They say that one of the most distinctive smells in the world are the smell of crayons and play-dough.  They say that once we smell it, the brain recognizes it and kind of takes you to your memories of the the times you used it.  Like childhood.

Well, we loved and love our playdough.

Emily and I sat for hours sculpting and molding it.  We spent so much time relaxing and creating.

Michael and I sat for hours crushing and smooshing any and all creations.  It was the boy version of creating and relaxing.

But for Elizabeth, playdough did not hold any allure.  In fact, it was simply a source of frustration.  I think this was in part because if its texture and that her dyspraxia did not allow her hands to move and work as she wished.  Also, because natural curiosity is not the strong point of dyspraxic people, creating and the like, was simply hard work for her.

It was not until we started with our first Occupational therapist and Mary that we discovered something called Theraputty.  

This Theraputty was a fun game changer for us.  Well for starters let me tell you about this amazing sensory integration tool.

It is putty that comes10-0901_inUSE_v1 in certain consistencies.  Some are more moldable and workable then it goes up in it consistency so that it is a bit harder to mold and work with.  The purpose being that the individual working with it gains hand strength and muscle strength as they work so they will continue to advance through the putty’s realm of offerings. Thus, it is a great tool for sensory integration, occupational therapy and a reliable addition to one’s sensory diet. 

The best attributes of the theraputty are  that it does not color your fingers like playdough, and it does not get under your nails like traditional clay or playdough. Therefore, it made it nicer for Elizabeth’s sensory needs.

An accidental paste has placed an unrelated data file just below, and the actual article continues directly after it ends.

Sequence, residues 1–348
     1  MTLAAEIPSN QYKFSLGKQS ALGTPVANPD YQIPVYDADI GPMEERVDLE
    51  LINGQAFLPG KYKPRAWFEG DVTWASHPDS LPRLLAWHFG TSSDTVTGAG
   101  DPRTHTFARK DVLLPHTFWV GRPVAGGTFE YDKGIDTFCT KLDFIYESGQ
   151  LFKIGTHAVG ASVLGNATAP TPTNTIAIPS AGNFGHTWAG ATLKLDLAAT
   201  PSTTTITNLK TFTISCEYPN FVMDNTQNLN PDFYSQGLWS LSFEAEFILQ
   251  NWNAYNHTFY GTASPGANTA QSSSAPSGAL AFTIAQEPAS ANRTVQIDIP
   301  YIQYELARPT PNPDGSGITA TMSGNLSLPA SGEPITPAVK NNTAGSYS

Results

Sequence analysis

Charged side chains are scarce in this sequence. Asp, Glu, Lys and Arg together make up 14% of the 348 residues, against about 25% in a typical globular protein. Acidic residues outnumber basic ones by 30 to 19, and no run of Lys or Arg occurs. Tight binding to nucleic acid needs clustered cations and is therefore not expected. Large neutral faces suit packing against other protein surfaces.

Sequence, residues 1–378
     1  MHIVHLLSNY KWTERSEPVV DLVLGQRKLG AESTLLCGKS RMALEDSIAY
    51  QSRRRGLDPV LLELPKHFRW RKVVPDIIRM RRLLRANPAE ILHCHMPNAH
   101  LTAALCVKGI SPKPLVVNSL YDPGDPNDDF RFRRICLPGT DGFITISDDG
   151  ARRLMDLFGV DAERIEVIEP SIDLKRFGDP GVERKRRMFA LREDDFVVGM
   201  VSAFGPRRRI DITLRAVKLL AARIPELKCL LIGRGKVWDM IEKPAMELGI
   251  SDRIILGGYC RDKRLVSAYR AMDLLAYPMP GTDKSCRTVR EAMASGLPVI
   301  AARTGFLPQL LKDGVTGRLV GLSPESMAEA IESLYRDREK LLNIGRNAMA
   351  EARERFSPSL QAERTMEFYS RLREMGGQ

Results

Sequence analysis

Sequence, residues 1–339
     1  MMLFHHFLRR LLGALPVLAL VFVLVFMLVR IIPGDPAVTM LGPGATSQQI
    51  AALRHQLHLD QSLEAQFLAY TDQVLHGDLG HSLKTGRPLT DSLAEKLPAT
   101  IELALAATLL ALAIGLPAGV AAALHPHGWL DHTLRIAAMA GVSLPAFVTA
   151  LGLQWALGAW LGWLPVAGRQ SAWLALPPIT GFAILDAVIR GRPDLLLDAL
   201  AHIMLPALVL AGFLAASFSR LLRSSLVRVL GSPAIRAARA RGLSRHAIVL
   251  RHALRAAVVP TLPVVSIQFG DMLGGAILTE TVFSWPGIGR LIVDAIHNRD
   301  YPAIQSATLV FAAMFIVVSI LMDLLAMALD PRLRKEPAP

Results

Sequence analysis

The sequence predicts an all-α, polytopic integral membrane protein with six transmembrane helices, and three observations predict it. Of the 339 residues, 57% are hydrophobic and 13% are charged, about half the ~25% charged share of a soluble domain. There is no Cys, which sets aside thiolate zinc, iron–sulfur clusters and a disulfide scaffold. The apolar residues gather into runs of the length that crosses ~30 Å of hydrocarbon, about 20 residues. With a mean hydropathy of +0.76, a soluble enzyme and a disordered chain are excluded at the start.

I can remember starting off with this putty at its low end of strength.  We would p
ush beads down into the putty, and Elizabeth’s job was to use one or two fingers to pull out the beads.  So it was a bit of work for her to do this but she did…and she liked doing it.  It was like the putty gave her some sensory input that she was wanting.  

So we did this for a while and then we started to learn how to use two hands to roll it into “snakes” then try to cut them.  We would cut the snakes up and have her reach across her body with her left hand to pick up the pieces from the pile on her right side and put them into the container and push them in. And  then we repeated the other way.  This way she was reaching across mid line of her body, which is a huge thing for children affected with sensory processing disorder and dyspraxia.  

I learned there were so many ways to use this incredible stuff.  We had the OT direct us on ideas but once she did, as we were playing, more ideas would come to me.  Some were met with instant success, and others we simply rejected in short order.  But the thing is she was not afraid to try to do things with this Theraputty.  Which was so nice to see.  I will admit that at times she got tired from working with it as it was just that, work for her, but it was disguised in the form of fun.

I looked forward to the times we worked with the Theraputty as it was fun and reminded me that she is a child and as such, should have the fun of childhood.  Especially since she spent so many hours in therapy.10-1480

Ohh, and I forgot to say that the Theraputty
comes in some fun colors, always a good thing!  So please look it up on the website and see what you think.  It is not expensive.  

Also, something to think about is that my typical developing children LOVED this stuff too. So while Elizabeth was playing with it as a therapy, Emily was happily playing alongside her sister for the sheer fun of it.  So how nice to have that experience together.

I wish you all a peaceful and enjoyable week.

Michele

 

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